Isro’s GSLV-D6 with indigenous cryo engine successfully places GSAT-6 in orbit
SRIHARIKOTA: Indian Space Research Organization (Isro) on Thursday cleared all doubts on its cryogenic capabilities, successfully launching the Geostationary Satellite Launch Vehicle (GSLV-D6), placing GSAT-6, a 2,117kg communication satellite in orbit.
This marks the second successful GSLV launch using an indigenous cryogenic engine. The first launch, on April 15, 2010 was a failure, followed by the second one on January 5, 2014 which was a success.
GSLV-D6 carrying GSAT-6 lifted off from Sriharikota spaceport at 4.52pm as scheduled. This was the ninth flight of the Geostationary Satellite Launch Vehicle.
Around 17 minutes after liftoff, the rocket injected GSAT-6 into a Geosynchronous Transfer Orbit (GTO), making the mission a success.”We have understood the intricacies of a cryogenic engine. The rocket performed normally,” said Isro chairman A S Kiran Kumar.
GSAT-6 provides communication through five spot beams in S-band and a national beam in C-band for strategic users. One of the advanced features of GSAT-6 satellite is its S-Band Unfurlable Antenna of 6 m diameter. This is the largest satellite antenna realized by Isro and it has a life of nine years. GSAT-6 will be used mainly for military purposes.
GSLV-D6 vehicle was configured with all its three stages including the cryogenic upper stage (CUS) similar to the ones successfully flown during the previous GSLV-D5 mission in January 2014, an Isro statement said.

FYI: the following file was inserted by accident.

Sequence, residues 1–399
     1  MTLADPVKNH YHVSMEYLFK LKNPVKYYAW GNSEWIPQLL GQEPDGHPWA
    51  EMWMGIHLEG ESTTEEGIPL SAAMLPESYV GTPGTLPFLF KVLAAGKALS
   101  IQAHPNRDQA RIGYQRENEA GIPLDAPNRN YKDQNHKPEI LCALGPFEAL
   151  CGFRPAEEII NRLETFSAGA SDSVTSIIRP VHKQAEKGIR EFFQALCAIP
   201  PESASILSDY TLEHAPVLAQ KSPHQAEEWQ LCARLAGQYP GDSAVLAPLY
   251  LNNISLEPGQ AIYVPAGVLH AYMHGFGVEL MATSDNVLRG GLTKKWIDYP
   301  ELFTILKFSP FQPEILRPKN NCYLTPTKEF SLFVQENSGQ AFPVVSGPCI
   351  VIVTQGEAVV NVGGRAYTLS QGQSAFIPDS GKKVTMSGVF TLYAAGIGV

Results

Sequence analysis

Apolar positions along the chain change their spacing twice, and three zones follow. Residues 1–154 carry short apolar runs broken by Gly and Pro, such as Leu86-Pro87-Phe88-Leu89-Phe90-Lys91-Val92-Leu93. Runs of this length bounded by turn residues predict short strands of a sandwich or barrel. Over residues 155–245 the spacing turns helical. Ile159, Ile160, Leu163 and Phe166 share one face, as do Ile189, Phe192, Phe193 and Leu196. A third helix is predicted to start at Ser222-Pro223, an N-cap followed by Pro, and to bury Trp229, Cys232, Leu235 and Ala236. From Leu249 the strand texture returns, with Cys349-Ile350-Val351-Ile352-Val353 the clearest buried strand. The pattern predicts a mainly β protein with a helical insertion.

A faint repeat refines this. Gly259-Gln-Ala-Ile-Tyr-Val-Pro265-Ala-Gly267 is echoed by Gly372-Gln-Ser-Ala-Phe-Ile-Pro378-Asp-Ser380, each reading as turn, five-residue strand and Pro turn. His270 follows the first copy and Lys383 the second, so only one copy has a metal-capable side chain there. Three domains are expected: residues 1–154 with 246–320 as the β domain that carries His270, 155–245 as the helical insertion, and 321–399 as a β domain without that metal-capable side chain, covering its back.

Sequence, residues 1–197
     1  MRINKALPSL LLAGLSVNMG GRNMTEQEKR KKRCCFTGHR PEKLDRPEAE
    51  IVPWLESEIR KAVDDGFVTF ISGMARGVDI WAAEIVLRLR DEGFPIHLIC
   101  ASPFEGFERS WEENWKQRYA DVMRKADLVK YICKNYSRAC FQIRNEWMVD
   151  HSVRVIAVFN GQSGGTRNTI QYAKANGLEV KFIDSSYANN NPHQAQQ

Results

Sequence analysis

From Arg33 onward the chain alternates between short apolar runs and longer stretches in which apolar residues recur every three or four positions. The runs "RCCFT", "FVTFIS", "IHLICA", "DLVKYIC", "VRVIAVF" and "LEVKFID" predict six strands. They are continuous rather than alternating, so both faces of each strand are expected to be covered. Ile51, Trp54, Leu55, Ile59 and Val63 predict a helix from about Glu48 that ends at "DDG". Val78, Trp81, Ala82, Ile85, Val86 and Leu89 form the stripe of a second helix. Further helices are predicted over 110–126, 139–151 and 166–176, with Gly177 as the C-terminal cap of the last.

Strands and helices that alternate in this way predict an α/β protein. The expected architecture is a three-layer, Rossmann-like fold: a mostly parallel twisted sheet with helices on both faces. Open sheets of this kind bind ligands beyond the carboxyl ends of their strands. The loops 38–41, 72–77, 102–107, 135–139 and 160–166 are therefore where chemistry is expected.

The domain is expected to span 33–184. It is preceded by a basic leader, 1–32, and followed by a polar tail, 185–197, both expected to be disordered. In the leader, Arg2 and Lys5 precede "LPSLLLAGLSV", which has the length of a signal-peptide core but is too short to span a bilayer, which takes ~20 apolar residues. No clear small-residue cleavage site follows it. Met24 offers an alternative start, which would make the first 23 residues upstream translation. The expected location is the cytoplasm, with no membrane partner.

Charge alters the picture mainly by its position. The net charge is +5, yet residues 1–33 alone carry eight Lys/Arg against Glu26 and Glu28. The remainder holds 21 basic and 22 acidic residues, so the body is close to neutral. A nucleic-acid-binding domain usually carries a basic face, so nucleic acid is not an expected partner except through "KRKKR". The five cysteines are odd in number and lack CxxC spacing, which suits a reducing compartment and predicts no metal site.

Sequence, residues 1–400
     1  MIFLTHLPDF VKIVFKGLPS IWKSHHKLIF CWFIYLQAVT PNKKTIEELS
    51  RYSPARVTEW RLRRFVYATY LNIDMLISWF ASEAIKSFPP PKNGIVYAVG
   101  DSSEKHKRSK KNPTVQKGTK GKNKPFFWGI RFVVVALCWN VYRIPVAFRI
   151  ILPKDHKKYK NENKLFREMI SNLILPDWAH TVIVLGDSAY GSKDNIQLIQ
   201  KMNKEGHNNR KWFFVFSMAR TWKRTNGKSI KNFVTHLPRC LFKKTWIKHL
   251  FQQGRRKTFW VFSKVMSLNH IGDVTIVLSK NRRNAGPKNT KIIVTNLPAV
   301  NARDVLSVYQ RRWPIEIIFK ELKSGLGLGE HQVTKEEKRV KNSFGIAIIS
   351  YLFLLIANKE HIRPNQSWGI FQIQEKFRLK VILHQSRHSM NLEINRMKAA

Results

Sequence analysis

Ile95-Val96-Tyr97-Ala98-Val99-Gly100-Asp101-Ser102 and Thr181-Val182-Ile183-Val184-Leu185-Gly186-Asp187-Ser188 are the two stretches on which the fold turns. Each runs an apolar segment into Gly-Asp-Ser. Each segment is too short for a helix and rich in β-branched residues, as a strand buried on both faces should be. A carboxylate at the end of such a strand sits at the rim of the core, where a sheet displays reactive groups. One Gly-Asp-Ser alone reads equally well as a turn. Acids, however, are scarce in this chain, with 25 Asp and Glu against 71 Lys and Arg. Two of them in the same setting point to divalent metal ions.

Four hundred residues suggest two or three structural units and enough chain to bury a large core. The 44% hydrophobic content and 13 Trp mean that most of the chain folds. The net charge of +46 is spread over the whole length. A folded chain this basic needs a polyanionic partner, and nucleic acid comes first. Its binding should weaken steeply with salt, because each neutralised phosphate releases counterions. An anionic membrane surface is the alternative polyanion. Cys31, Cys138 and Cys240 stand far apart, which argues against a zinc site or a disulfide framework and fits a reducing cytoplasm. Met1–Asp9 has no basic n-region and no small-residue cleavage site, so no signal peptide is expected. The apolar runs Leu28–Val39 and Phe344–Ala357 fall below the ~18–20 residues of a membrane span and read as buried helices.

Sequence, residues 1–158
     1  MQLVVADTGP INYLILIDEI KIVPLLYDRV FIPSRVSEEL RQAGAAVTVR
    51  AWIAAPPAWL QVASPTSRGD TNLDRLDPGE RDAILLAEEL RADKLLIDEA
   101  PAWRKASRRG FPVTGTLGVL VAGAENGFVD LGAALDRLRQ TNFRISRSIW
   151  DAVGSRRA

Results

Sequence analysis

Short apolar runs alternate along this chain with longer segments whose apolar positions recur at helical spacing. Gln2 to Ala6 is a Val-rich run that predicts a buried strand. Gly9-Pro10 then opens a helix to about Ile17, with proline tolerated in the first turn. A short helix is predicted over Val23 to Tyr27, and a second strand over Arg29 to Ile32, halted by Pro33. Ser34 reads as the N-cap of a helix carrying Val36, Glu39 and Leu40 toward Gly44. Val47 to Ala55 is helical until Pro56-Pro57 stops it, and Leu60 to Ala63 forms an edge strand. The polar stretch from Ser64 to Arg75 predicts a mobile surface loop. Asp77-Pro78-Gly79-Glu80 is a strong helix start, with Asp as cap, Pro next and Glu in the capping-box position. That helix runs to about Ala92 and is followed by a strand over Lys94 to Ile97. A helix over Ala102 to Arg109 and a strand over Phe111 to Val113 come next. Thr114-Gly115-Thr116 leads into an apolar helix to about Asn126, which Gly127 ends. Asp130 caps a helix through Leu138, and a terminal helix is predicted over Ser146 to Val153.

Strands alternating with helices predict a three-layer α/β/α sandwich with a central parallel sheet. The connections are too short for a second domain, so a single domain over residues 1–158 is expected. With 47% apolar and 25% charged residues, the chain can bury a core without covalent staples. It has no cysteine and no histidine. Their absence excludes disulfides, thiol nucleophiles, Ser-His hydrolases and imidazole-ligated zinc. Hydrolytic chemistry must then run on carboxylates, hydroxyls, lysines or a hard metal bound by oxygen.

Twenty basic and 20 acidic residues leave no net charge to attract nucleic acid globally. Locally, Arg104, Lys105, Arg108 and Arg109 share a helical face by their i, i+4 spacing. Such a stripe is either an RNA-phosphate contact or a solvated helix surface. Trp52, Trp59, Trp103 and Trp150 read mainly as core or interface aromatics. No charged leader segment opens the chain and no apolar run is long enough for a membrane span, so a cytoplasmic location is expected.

The metallic payload fairing of GSLV-D6 had a diameter of 3.4 m. The overall length of GSLV-D6 was 49.1 mass with a lift-off mass of 416 tonne.
The cryogenic upper stage on GSLV-D6 was designated as CUS-06. A cryogenic rocket stage is more efficient and provides more thrust for every kilogram of propellant it burns compared to solid and earth-storable liquid propellant rocket stages.
The cryogenic stage is technically a very complex system compared to solid or earth-storable liquid propellant stages due to its use of propellants at extremely low temperatures and the associated thermal and structural challenges. Oxygen liquefies at -183-degrees celsius and Hydrogen at -253-degrees celsius. The propellants, at these low temperatures, are to be pumped using turbo pumps running at around 40,000 rpm.
The main engine and two smaller steering engines of CUS together develop a nominal thrust of 73.55 kN in vacuum. During the flight, CUS fires for a nominal duration of 720 seconds. S-band telemetry and C-band transponders enable GSLV-D6 performance monitoring, tracking, range safety/flight safety and preliminary orbit determination (POD).
credit : timesofindia